Good News Story - Dandjoo Darbalung – A Pioneering and Inventive Project

Background

St Catherine’s College is situated in Perth and is a residential college of 440 tertiary students from 38 different countries. The mission of the College is to address equity of access in higher education and it is home to students from all five universities in Perth. It has a specific commitment to improving tertiary education outcomes for Indigenous students through a bespoke wrap-around program called Dandjoo Darbalung.

Named by Noel Nannup, Dandjoo Darbalung means ‘mixing together’ in the way fresh and salt water mix in the Swan estuary where the college is located in Crawley. The program was established in 2012 to support Indigenous students with their tertiary studies whilst encouraging and nurturing their cultural identities and preparing them for employment, post-graduation.

Indigenous students who are members of the Dandjoo Darbalung program have achieved remarkable results through their various degree programs and succeeded in acquiring employment with top-tier companies and organisations.

A snapshot of the outcomes of the Dandjoo Darbalung program:

  • 100 Indigenous students enrolled across all tertiary institutions in Perth
  • 150 alumni who nurture and inspire the current student cohort
  • 90% retention rate (the national average is less than 50%)
  • 78% pass rate
  • 33 cadetships per year with prospective employers
  • Scholarship and financial assistance for almost every student
  • Elders, senior Indigenous women and men guide all cultural aspects of the program and nurture student development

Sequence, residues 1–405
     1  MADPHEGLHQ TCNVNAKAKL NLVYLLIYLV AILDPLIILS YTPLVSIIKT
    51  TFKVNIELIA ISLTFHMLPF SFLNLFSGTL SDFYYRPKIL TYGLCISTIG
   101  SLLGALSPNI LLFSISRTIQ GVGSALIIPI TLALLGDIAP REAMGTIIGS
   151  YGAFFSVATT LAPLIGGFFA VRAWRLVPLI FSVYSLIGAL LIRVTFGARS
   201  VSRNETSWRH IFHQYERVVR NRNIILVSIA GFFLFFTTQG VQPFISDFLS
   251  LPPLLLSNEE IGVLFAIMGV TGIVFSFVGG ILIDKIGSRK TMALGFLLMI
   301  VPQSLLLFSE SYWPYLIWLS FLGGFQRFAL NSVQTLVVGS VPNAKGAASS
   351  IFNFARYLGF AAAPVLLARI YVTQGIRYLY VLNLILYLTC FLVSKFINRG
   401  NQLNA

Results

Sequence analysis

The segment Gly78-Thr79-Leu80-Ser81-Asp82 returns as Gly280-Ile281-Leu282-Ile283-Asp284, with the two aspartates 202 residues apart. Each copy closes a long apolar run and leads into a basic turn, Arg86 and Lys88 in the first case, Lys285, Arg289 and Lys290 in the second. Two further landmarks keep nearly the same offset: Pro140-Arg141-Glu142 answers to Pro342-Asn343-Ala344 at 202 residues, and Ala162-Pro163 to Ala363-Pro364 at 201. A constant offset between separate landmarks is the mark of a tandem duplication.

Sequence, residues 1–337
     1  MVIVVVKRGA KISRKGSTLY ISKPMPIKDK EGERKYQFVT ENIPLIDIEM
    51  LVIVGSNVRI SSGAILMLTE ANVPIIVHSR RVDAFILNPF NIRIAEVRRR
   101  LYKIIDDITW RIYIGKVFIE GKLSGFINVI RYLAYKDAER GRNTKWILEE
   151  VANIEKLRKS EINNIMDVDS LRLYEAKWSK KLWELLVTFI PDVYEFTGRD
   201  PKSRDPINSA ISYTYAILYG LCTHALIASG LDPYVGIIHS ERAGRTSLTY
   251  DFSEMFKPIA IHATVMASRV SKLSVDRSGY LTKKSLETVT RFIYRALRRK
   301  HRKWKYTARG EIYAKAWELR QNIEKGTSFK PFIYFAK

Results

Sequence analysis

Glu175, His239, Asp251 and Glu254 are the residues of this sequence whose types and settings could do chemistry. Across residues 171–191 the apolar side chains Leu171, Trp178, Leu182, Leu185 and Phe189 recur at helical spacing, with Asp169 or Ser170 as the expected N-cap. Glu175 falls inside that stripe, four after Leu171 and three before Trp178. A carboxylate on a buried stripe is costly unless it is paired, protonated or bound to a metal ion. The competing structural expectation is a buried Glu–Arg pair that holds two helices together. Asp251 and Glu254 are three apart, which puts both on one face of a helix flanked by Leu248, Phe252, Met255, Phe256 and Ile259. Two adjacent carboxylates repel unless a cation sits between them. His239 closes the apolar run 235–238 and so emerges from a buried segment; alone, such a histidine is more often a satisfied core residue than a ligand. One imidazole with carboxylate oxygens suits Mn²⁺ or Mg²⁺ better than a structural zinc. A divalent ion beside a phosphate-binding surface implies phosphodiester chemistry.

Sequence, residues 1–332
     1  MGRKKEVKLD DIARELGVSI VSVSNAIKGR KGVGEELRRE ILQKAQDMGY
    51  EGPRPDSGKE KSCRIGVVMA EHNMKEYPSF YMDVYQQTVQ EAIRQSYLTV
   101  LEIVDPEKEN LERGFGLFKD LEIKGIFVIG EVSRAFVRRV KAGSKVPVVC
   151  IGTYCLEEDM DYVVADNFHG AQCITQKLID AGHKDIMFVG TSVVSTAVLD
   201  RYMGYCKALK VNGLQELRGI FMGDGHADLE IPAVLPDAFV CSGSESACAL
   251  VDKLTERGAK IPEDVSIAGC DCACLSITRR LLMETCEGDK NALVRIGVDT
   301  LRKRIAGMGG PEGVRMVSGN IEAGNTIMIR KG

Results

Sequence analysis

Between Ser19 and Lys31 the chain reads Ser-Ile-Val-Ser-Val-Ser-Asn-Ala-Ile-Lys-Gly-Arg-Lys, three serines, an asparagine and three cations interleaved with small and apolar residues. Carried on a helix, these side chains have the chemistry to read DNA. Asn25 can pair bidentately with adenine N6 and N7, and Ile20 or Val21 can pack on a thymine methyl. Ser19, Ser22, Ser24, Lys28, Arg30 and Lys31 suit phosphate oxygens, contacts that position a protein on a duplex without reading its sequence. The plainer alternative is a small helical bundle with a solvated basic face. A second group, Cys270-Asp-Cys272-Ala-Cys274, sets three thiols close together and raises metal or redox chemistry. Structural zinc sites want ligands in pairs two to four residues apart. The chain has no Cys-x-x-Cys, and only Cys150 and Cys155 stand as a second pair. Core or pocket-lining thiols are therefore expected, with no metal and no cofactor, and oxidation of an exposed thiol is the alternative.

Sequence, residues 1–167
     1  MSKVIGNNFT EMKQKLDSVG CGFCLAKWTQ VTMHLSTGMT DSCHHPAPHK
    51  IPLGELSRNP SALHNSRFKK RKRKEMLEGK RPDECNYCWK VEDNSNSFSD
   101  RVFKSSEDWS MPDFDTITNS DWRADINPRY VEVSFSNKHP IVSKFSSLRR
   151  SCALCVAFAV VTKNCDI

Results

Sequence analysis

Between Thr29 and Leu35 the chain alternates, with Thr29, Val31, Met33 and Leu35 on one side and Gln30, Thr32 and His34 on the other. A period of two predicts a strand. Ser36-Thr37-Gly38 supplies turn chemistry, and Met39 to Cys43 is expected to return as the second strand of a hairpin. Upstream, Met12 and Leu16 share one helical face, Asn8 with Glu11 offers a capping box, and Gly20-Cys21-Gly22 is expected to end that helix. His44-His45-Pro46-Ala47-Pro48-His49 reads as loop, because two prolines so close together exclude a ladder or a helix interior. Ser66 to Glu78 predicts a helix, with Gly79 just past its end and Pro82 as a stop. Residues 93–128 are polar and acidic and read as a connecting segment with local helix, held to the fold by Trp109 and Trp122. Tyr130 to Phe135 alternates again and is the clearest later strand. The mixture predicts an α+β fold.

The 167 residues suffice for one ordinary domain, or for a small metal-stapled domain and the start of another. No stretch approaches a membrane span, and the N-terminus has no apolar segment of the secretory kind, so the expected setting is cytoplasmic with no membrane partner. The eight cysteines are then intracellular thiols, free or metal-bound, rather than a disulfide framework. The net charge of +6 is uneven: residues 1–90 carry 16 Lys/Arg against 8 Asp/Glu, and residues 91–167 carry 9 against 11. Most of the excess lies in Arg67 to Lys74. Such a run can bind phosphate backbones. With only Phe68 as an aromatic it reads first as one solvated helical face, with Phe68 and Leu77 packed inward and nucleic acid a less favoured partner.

• Indigenous students mentor in rural and remote communities, running cultural leadership programs for school-age children and promoting higher education pathways

A Building about Identity

With the success of the program came the need for a dedicated building that really supported learning and opportunities for cultural development. In a collaborative funding arrangement with both the federal and state governments, the college was able to secure $12.8 million to build a custom-designed facility comprising of 54 new rooms, a beautiful Cultural Centre, living and learning facilities, an exhibition and performance area and a large Banksia-shaped yarning circle. The architecture references Indigenous principles of landscape and country, acknowledging the importance of identity derived from place.

Essentially, this project has the capacity to change lives and positively impact educational outcomes for both young Indigenous people and the wider residential community. It embraces aspiration and innovation and shines the spotlight on a successful program, which, at its heart, celebrates cultural identity in what is the longest surviving continuous culture on this planet.

If you would like to know more about partnering with the program, supporting scholarships or creating employment opportunities, please contact Ben Lewis at 9442 0594.

Photos:

The Cultural Centre is used daily to study, congregate, practice culture, relax and create art works.

The Tower houses a very beautiful fire pit at the apex which is used for weekly yarning circles and is a replica of the College emblem, the Banksia.

Acknowledgement of Country

The Committee For Perth acknowledges the traditional custodians throughout Western Australia and their continuing connection to the land, waters and community. We pay our respects to all members of the Aboriginal communities and their cultures; and to Elders both past and present.